Dementia, Alzheimer’s, and cognitive decline are some of the most frightening aspects of old age. Although these diseases may not bother young minds, it would be wise to pay attention to them from an early age, since prevention is much easier and much more attainable than trying to alleviate symptoms once diagnosed. Although research is constantly evolving, unfortunately, there is still no definitive cure for these diseases, which are currently considered irreversible. But a recent study linking muscle mass to cognitive decline may be a good reason to be optimistic and feel in control of our cognitive health.
In this study, researchers set out to find out whether low muscle mass could predict cognitive decline in three areas: memory, executive function and psychomotor speed (thinking speed). The study involved 8,000 adults aged 65 and older. Interestingly, the researchers found that low muscle mass affects only executive cognitive functions. “Low muscle strength has recently been associated with an increased risk of developing dementia,” says lead study author Stephanie Chevalier. Executive cognitive functions are important to our daily lives, and are mainly responsible for our attention, how we organize our thoughts, and when we make decisions, helping us with various daily tasks, such as going to the store.”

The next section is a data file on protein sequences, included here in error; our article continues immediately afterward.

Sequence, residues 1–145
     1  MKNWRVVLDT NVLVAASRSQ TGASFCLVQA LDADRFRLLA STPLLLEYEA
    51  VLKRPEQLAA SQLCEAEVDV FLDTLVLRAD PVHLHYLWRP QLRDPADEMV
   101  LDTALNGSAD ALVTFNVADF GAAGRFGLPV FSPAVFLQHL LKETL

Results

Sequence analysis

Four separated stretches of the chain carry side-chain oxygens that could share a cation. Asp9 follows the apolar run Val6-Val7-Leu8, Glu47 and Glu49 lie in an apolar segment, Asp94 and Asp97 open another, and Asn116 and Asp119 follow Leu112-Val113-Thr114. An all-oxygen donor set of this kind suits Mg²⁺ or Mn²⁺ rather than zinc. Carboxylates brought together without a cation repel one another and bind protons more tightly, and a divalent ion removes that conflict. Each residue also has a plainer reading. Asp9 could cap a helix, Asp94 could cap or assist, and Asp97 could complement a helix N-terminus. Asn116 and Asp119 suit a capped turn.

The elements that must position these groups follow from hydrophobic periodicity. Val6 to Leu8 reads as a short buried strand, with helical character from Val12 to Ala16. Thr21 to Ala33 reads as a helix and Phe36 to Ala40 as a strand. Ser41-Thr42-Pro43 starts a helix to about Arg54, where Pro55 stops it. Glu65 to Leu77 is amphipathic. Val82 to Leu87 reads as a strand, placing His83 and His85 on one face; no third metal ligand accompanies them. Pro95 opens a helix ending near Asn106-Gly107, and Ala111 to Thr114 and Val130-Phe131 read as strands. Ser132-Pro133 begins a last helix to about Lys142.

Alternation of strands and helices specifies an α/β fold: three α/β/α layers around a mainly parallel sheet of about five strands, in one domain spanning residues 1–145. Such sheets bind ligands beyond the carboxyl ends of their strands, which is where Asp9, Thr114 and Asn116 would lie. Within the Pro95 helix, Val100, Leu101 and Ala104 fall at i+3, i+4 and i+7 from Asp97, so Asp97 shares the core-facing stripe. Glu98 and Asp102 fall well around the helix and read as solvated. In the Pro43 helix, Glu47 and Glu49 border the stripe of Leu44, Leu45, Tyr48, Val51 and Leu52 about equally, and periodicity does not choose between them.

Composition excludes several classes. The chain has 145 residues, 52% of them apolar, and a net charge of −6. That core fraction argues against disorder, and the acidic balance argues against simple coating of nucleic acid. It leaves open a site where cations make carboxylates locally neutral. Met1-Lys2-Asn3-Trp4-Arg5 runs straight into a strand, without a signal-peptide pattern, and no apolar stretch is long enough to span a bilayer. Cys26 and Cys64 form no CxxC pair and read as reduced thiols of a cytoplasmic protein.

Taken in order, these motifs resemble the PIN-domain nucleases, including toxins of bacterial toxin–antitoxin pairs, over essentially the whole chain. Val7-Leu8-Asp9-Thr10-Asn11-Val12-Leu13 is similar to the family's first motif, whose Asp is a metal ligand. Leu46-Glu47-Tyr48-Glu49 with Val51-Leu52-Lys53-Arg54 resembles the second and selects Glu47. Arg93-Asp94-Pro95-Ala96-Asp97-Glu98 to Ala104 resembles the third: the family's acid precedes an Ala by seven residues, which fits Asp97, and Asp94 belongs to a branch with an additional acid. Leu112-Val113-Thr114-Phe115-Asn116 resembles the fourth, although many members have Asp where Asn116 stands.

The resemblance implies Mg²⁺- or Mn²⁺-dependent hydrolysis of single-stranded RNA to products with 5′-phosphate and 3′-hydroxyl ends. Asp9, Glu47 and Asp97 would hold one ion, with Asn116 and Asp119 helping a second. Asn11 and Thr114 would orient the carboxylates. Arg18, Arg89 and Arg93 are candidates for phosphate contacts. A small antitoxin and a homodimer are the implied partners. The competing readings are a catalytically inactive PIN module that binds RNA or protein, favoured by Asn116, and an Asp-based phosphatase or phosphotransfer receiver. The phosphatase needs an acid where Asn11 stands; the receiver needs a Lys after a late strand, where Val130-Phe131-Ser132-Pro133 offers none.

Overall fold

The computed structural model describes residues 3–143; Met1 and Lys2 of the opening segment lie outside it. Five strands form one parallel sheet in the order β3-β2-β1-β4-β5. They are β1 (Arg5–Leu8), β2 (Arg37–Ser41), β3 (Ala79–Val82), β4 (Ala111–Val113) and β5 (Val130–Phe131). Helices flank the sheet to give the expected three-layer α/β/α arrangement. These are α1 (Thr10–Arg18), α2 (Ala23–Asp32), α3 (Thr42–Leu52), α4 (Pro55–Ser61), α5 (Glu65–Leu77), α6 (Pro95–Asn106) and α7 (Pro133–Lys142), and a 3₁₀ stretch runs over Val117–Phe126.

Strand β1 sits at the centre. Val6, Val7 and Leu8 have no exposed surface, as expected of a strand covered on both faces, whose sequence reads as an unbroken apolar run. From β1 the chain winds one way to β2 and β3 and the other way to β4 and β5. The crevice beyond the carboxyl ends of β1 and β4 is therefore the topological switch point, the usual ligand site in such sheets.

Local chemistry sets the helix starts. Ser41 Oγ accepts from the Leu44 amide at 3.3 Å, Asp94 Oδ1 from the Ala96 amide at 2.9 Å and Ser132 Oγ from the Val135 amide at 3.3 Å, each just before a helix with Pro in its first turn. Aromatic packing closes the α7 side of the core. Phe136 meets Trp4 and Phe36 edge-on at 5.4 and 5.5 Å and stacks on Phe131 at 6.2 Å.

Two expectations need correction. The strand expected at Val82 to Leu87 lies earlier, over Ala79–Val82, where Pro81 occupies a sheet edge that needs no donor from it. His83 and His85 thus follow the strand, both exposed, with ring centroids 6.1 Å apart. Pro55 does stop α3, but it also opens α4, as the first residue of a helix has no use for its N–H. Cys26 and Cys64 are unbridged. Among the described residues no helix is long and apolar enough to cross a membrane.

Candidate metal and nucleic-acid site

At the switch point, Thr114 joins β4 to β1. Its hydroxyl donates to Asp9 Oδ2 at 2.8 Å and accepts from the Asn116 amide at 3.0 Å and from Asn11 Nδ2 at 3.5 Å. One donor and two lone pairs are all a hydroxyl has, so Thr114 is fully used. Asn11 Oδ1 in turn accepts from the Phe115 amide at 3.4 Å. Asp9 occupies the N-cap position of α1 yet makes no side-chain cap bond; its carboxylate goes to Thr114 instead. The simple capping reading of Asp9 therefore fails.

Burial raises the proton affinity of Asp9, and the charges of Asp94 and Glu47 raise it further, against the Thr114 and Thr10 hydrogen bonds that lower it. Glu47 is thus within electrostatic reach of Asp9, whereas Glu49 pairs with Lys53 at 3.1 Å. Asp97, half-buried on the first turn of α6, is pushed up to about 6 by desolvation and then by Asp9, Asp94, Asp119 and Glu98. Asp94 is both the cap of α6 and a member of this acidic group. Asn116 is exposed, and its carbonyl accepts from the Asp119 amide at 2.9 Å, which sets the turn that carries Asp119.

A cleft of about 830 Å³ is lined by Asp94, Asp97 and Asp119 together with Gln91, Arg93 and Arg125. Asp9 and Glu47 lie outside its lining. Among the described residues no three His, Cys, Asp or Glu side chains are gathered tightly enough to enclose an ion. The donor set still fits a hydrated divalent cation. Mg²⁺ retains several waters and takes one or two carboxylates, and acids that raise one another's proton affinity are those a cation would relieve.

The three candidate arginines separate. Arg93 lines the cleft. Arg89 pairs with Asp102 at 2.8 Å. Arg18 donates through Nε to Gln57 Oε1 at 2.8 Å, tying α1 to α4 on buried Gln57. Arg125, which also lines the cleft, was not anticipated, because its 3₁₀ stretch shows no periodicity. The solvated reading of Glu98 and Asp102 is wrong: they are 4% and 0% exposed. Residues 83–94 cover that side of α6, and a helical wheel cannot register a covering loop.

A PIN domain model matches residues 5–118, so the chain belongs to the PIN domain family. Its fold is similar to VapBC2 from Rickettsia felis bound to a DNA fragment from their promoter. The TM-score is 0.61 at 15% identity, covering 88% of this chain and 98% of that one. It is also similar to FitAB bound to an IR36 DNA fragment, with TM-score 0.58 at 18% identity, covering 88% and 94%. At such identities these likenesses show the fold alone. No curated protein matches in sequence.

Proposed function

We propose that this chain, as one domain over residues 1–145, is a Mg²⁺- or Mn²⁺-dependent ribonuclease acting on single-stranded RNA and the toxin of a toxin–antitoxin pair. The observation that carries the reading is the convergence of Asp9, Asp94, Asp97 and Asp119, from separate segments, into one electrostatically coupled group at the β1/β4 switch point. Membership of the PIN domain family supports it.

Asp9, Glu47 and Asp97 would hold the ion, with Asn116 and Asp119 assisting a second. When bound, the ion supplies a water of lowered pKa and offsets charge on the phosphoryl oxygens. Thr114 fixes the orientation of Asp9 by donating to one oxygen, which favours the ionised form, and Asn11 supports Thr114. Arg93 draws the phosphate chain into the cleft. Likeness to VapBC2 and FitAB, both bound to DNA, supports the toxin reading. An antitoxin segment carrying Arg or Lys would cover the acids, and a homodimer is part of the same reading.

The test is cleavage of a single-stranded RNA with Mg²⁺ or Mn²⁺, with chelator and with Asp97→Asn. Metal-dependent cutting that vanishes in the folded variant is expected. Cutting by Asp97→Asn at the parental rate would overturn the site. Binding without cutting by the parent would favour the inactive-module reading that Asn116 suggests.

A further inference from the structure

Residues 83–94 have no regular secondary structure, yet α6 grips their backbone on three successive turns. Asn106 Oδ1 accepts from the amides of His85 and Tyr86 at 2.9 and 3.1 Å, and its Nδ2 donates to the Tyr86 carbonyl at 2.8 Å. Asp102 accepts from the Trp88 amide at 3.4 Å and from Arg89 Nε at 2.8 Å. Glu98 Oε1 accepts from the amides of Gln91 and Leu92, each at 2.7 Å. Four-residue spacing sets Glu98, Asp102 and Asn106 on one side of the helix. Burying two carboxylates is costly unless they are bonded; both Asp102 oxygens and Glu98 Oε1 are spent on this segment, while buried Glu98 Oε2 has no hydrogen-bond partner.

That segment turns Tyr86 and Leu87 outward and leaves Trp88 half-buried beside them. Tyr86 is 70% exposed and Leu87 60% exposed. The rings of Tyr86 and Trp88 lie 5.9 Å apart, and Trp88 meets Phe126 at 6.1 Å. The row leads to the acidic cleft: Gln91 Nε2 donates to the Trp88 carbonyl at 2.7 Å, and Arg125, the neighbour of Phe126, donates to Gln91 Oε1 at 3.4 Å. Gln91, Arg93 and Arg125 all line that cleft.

Why we should be glad about it
Muscle mass is a modifiable factor, which means we have the power to change it ourselves. In other words, we may now have the power to reduce the risk of developing a decline in executive cognitive function. Uncovering the link between low muscle mass and cognitive decline may also help as a measurement tool to help physicians identify people who are at greater risk of cognitive decline. It is important to emphasize, however, that cognitive decline is only associated with muscle mass, and not with muscle strength or physical activity level. Chevalier recommends “physical activity – particularly resistance exercise – and good nutrition with adequate protein to help maintain muscle mass over time. But as always in science, new findings are always overshadowed by what we don’t yet know. And in this case, researchers are still not sure whether low muscle mass is a sign or cause of cognitive decline.
How everything is interrelated
Another related study found that lower grip strength was associated with an increased risk of dementia. Each 11-pound reduction in grip strength was associated with an 18% greater risk of cognitive decline, according to the study. We recently discussed low grip strength as a measure of muscle loss that affects dementia. You can read about it here. However, it is important to note that further studies are needed because grip strength is associated with both the muscular and neural systems. It probably won’t be enough to make predictions about cognitive decline, but one thing is certain – physical fitness is a viable way to reduce the risk of Alzheimer’s and dementia.